About a year ago, there was a lot of criticism, in particular from the city centre faculties. There were complaints from the School of Business and Economics, which even reached the University Council, about poor accessibility of the company doctor and about bureaucratic sluggishness. The Executive Board announced its intention to have a serious word with Arbo Unie. The latter promised improvement; the decision about continuation of the contract would occur around September. In an evaluation report, the HRM department concluded that improvements had indeed been observed and that those were sufficient. The faculty and service department directors were a little less convinced and decided, in consultation with the Executive Board, that an extension of one year was sufficient. It was a little late in the day for a new public contract anyway. Arbo Unie agreed.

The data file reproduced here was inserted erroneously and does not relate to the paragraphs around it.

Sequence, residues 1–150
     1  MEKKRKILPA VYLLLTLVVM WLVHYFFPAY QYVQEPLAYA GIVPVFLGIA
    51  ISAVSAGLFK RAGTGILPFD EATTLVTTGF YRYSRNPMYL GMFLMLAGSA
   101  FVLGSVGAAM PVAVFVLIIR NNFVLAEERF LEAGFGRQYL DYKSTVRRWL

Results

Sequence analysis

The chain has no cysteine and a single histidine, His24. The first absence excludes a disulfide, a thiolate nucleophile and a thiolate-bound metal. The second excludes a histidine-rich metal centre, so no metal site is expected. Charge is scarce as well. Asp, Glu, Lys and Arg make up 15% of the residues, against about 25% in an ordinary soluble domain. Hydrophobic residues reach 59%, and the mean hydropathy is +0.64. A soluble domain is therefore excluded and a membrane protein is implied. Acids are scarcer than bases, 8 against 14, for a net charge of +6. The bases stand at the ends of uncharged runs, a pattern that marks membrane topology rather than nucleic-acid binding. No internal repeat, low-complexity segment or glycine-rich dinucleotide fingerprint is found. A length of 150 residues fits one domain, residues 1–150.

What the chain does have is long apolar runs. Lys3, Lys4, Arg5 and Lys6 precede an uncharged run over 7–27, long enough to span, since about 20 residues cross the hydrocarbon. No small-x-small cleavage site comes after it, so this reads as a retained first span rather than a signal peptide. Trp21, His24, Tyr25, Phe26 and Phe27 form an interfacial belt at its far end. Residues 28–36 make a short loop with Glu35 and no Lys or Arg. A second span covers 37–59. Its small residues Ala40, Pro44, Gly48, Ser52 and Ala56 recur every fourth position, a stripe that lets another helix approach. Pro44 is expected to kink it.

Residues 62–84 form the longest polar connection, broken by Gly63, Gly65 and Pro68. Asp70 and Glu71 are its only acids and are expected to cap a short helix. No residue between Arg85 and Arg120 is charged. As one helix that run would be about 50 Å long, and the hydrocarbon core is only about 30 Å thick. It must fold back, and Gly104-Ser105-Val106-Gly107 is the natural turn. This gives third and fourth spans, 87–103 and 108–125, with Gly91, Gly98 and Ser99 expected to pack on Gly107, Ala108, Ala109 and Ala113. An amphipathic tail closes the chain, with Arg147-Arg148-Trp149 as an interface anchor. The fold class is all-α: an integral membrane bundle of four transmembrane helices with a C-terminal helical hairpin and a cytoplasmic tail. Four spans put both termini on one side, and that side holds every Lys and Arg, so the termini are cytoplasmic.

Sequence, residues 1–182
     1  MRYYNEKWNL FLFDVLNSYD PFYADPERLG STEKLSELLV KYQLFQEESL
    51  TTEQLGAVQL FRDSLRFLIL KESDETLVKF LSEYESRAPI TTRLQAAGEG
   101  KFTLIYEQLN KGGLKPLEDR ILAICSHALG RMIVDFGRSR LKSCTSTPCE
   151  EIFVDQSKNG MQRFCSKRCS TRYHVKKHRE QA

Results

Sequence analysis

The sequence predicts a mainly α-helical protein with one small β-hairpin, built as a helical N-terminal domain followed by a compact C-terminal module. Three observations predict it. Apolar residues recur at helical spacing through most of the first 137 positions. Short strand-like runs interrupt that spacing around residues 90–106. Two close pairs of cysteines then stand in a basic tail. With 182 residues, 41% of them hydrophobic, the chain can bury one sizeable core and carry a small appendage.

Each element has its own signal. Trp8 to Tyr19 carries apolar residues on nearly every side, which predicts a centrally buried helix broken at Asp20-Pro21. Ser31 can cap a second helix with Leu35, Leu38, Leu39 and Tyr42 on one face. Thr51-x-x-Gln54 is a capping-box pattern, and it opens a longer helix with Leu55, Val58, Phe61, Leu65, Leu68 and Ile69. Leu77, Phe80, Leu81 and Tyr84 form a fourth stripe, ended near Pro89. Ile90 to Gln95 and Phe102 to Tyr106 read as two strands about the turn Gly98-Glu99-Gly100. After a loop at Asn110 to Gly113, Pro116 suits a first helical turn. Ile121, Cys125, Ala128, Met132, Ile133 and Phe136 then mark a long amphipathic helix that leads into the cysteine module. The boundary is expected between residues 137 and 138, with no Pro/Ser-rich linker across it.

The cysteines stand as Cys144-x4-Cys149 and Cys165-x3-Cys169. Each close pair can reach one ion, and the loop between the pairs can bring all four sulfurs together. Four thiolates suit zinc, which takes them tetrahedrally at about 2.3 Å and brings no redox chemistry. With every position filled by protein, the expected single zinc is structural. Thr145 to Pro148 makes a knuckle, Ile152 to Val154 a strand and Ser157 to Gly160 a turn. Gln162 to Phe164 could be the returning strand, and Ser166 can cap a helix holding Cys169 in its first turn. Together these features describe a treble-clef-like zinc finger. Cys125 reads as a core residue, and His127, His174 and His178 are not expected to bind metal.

In the University Council’s Operational Management committee, HRM director André Koehorst came with some news two weeks ago, stating that there had already been two incidences again since the evaluation – he did not reveal any details – which put the relationship with Arbo Unie under pressure again. But, he said, “it is not just them, the UM also plays a role here: we should articulate our wishes better.”
There were questions from the committee about the contract itself, whether at the time of tendering the contract there was perhaps too much emphasis on the price, at the expense of quality. From the answers given by the Executive Board and the HRM department, it appeared that the contract was given to Arbo Unie because they scored well on a number of criteria, including quality. Unfortunately, the quality promised has not always been delivered. The company is now doing its best and even running at a loss in order to meet the requirements, it was said. Executive Board member Nick Bos: “That is no basis for a long-term relationship. That is why we now have a year to determine what we want.”